I almost forgot this – they offer free support. Some of you might be thinking “free? Yeah you get what you pay for”. That may be true, but I’ve gotten to meet some of their technical support engineers and the guys are great! They have a forum on their website with both tech support and altruistic integrators helping answer questions. Personally, I’m a big fan of the company. They are strictly a hardware company and make no money on the software side.
You could look at their three-product series as tiers – low, middle, and high. The U90 series covers keyboard entry and text display type HMIs, current models being sold are the Jazz and M91, under 50 total I/O sort of range. Vision covers their base touchscreen models, the V130-V1210 and SAMBA processors, which have their varying HMI sizes, processing power, and memory. This covers projects up to 1000 I/O with snap-in expansions. UniStream covers their high-end product line, which comes with an improved ladder diagram and enhanced features all around. This line can expand to 2000 I/O.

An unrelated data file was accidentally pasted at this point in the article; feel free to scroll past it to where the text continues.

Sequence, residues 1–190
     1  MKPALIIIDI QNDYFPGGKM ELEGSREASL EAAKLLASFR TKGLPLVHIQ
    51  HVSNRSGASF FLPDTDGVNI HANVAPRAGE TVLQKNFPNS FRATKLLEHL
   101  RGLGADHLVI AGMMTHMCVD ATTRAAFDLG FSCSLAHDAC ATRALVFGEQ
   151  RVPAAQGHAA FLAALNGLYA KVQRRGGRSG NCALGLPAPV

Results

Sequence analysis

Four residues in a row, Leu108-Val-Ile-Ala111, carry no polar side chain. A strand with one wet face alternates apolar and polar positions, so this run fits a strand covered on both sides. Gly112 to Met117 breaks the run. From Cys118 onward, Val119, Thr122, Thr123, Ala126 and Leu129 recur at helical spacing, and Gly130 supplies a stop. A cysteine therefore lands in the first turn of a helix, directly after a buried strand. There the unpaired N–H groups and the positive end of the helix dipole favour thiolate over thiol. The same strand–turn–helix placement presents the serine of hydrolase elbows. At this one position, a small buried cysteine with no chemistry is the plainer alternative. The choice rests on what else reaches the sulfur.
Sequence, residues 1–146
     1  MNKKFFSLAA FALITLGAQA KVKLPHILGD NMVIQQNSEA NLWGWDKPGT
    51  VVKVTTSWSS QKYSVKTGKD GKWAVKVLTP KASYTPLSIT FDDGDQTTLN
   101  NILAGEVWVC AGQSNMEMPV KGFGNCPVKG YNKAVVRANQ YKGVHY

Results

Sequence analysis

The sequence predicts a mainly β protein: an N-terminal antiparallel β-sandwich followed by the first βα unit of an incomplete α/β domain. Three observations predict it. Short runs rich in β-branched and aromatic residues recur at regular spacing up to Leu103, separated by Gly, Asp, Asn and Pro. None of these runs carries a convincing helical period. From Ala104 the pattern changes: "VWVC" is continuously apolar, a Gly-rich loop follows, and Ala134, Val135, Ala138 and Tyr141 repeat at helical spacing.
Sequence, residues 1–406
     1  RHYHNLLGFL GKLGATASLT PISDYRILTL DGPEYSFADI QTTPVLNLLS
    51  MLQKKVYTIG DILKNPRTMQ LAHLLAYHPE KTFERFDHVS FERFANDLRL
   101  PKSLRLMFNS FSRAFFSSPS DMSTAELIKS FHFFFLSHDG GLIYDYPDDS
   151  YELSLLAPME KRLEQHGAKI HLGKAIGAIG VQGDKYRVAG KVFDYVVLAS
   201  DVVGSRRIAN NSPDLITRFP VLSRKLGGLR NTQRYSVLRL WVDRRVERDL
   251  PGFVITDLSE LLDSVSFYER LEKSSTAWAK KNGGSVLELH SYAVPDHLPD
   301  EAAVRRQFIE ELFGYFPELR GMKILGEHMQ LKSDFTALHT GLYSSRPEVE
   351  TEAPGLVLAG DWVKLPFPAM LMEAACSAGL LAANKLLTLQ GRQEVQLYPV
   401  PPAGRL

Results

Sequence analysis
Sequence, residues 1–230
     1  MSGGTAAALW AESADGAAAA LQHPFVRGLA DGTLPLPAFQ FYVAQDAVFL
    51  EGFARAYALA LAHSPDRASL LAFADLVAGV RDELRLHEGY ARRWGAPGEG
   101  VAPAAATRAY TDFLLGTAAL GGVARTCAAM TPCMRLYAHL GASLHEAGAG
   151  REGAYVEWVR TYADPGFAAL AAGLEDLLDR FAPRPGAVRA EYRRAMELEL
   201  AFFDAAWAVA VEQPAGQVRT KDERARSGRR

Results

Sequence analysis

Now that a general overview is covered I want to go into a little detail on each of those platforms – U90 Ladder, VisiLogic, and UniLogic.
U90 Ladder – The U90 ladder is for very simple inputs and displays. It is like VisiLogic except with the limitations of keyboard entry as opposed to touch screen, and strictly text display. As a result, the HMI and complexity of applications on this platform are limited. Going into detail about VisiLogic pretty well covers the logic functionalities of both the U90 Ladder and VisiLogic.
You would start by configuring your hardware, which is a very visual drag and drop process. This allows you to visualize exactly how you would build your snap in I/O and expansions on to the backplane. See the following for an example: